The Bet: Paul Ehrlich, Julian Simon, and Our Gamble over Earth's Future
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In 1980, the iconoclastic economist Julian Simon challenged celebrity biologist Paul Ehrlich to a bet. This book shows how the fight between Ehrlich and Simon - between environmental fears and free-market confidence - helped create the gulf separating environmentalists and their critics today.
Scientists Obscured the Truth on Issues from Tobacco Smoke to Global Warming. New York: Bloomsbury, 2011. Orr, David W. “The Labors of Sisyphus.” Conservation Biology 16, no. 4 (2002): 857–860. Osborn, Fairfield. Our Crowded Planet: Essays on the Pressures of Population. Garden City, NY: Doubleday, 1962. ———. Our Plundered Planet. Boston: Little, Brown, 1948. Paddock, William, and Paul Paddock. Famine, 1975! America’s Decision: Who Will Survive? Boston: Little, Brown, 1967. Passell, Peter,
83, 84–93, 97, 127–28, 132–33; of 1990s, 189–97; Nixon and, 42–52; polarization, 8, 189–97, 215–16, 224–25; Reagan and, 137–50, 163–64, 179; Simon and, 152–72; Zero Population Growth and, 36–41, 119–21. See also presidential elections; specific politicians and parties pollution, 11, 27, 33, 35–36, 41–42, 43–44, 46, 49, 55–56, 91, 101, 102, 134, 138, 142, 143–44, 168–69, 172, 190, 192, 200, 218, 223; industrial, 44–45, 146, 192, 212, 223; Limits of Growth model and debate, 80–83, 83, 84–93, 97,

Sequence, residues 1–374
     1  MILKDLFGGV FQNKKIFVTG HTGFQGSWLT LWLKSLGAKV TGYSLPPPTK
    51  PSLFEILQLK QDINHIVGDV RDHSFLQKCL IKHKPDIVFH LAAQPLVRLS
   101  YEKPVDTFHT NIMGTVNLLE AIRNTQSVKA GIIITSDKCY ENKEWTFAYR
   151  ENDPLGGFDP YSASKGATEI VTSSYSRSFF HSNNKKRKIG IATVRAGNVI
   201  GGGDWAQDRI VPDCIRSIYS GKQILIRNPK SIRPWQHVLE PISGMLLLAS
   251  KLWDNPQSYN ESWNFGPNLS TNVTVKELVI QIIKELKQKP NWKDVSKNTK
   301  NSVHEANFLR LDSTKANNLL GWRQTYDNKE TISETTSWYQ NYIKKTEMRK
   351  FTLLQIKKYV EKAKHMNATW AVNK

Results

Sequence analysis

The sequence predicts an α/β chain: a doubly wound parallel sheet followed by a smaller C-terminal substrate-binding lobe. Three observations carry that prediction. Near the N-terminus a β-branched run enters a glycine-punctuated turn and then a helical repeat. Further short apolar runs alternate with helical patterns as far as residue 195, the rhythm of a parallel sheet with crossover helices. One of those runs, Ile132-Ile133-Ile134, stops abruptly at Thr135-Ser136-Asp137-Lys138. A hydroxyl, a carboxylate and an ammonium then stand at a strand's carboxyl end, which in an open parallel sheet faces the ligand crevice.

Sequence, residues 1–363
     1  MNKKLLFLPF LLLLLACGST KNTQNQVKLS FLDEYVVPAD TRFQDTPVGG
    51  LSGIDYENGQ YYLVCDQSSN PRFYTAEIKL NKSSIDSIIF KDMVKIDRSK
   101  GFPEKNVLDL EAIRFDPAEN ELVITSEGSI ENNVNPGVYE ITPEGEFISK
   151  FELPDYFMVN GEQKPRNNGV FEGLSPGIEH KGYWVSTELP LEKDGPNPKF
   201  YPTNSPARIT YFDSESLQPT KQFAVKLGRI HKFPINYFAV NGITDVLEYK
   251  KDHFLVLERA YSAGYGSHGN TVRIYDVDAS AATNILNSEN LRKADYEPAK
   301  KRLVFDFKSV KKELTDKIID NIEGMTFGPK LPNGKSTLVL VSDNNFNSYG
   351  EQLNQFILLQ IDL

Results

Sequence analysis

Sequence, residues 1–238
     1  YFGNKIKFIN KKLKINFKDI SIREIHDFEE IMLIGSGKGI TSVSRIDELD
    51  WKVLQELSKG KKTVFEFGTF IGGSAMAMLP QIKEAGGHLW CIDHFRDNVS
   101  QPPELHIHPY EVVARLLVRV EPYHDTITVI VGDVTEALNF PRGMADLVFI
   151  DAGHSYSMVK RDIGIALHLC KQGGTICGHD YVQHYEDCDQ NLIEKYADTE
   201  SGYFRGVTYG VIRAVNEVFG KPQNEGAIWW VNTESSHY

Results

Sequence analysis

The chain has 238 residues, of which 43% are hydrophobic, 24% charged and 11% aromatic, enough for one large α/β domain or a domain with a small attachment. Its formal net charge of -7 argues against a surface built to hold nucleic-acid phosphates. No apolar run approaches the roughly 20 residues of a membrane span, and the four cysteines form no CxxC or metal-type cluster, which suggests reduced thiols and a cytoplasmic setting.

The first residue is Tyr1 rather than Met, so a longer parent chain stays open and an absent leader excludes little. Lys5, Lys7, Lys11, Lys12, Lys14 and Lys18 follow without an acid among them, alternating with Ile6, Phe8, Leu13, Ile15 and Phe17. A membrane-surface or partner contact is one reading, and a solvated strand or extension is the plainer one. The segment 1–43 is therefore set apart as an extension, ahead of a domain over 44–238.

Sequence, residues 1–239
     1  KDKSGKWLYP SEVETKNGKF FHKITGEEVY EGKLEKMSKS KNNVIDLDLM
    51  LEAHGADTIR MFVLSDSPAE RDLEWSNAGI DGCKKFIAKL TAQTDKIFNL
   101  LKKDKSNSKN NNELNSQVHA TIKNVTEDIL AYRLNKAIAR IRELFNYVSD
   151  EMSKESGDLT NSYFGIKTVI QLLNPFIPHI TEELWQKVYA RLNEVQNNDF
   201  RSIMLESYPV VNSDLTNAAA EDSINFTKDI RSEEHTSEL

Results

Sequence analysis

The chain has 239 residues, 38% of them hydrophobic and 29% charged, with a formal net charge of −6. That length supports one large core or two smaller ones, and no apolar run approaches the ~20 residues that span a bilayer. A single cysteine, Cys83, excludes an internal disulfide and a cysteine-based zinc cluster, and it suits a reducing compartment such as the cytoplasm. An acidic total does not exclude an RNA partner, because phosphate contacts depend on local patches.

On “The Farm,” Gaskin’s followers, like many other commune dwellers, rejected materialism and individualism to embark on a new way of living more appropriate to an age of limits.9 Meanwhile, in 1970s Washington, lawyers and policy-makers did not uproot and remake society to the extent called for by visionaries like Ehrlich, Berry, and Gaskin. But lawmakers, spurred on by environmental thinkers and advocates, did create a new legal framework for economic activity in the United States. Congress
there was a fella named Malthus who thought we were going to run out of food,” Reagan declared in September 1980. “But Malthus didn’t know about fertilizers and pesticides.” While Carter’s colleagues considered The Global 2000 Report as “significant as the Declaration of Independence,” Reagan dismissed it as unfounded pessimism and flawed reasoning. Reagan insisted that resource limits were not real and should not constrain America’s future.14 Reagan cast the 1980 election as a choice based on
tremendous poverty and crowds in Delhi overwhelmed his senses and deeply shaped his thinking. “I have understood the population explosion intellectually for a long time,” Ehrlich wrote about the trip to India in the opening pages of The Population Bomb. “I came to understand it emotionally one stinking hot night in Delhi a couple of years ago.” My wife and daughter and I were returning to our hotel in an ancient taxi. The seats were hopping with fleas. The only functional gear was third. As we